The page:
The fact that we were able to present tangible results from the French newsroom, which has been tapeless since 2001, as well as the English Services’ implementation of File-based Workflow to our people gave us an edge in being able to secure their help in making the transition smoother. After all, the process of change management is that much more seamless when employees can see its benefits and are eager to embrace the change.
Cooperation Within CBC/Radio-Canada
The French Services had the advantage of having a fully operational File-Based Workflow model available to them in the French newsroom, as well as within CBC/Radio-Canada’s English Services, and were fortunate to be able to learn from the challenges that were overcome during their implementation.
Ultimately, the process will bring the English and French Services in sync with each other insofar as their handling of content and accessibility throughout the Corporation are concerned, the only difference that will arise in terms of workflow will be due to the greater number of in-house variety productions that are featured on CBC/Radio-Canada’s French TV Network.
Metadata & Archiving
The combination of adopting a fully tapeless File-based Workflow together with the boost in content production due to multi-platform distribution facilitates the immediate archiving of content for its immediate use or use at a later date, which does bring long-term cost-efficiencies of its own, but also the added challenge of defining content metadata to allow for easy retrieval further down the line.
In the interest of facilitating this process, CBC/Radio-Canada has established a committee that is looking to define how the Corporation will deal with metadata. We are fully aware of how we create content and the route it will be taking through our system, but we have to control that quality and metadata that come with it. As such, one of our process changes involves placing the archivists at the beginning of the process, so that they may assign the right metadata to content from the very start.
Ultimately, archivists are the people best equipped to describe content when it is being ingested into the system, and additional challenges arise from Canada’s linguistic landscape. Content is of little value if it cannot be retrieved and used when it is necessary; therefore, standardisation is necessary to ensure that metadata is in appropriate fields associated with the content, and that the entries in those fields are consistent, regardless of their language.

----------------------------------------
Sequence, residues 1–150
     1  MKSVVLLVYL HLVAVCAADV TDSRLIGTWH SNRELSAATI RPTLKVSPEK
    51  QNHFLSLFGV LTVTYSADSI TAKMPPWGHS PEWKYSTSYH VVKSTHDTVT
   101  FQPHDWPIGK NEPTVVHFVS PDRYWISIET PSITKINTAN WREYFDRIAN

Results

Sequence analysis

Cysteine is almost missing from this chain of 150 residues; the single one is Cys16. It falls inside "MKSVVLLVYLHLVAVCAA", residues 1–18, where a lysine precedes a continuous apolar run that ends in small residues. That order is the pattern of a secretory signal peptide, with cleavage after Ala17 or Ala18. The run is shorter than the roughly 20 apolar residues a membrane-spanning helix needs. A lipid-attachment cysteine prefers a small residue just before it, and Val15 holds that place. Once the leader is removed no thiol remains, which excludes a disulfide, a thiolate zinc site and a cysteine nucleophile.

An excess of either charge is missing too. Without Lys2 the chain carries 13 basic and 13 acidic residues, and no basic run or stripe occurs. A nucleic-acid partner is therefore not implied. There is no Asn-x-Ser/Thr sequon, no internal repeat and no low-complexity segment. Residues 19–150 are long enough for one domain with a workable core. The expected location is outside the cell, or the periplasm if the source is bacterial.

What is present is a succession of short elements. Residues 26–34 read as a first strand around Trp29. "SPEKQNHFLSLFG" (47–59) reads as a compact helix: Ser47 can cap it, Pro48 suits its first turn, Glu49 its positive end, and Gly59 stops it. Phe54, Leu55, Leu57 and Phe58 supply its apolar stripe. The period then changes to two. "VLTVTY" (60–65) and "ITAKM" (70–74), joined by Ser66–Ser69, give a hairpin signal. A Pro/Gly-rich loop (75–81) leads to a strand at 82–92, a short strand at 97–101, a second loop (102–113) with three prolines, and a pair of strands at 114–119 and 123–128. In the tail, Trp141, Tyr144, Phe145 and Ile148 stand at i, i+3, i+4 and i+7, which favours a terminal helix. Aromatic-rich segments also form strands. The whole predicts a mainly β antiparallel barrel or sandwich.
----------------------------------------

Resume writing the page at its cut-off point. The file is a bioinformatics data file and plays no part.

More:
The challenge extends even further beyond that due to the distribution of our content onto the Internet as well. The Web has specific metadata needs in order to notify website content, update databases, and the like.
As of right now, CBC/Radio-Canada has a vision of the importance of metadata and how it will be handled. This vision is already starting to be applied, and will be reflected fully within the context of our upcoming Media Asset Management (MAM) solution.
CBC/Radio-Canada has chosen to embrace File-based Workflow throughout the Corporation’s Television and Digital operations in the interest of increasing economic efficiency, making content accessible across a variety of platforms, as well as simplifying its distribution and archiving.
Ultimately, there were many good reasons to embark upon this path; beyond just eliminating tapes, it was a matter of changing the way in which we do things as a Corporation. Many reasons have driven – and continue to drive – that change, but the main one lies in optimising our processes to allow us to invest the Canadian taxpayers’ money in what adds value to our programming, and giving more access to content generates a different working dynamic within CBC/Radio-Canada as well. Thanks to File-based Workflow, we are able to reduce the post-production costs of our programming by 20 to 30% per show, and we are able to reinvest that into what matters most to Canadians: our programming.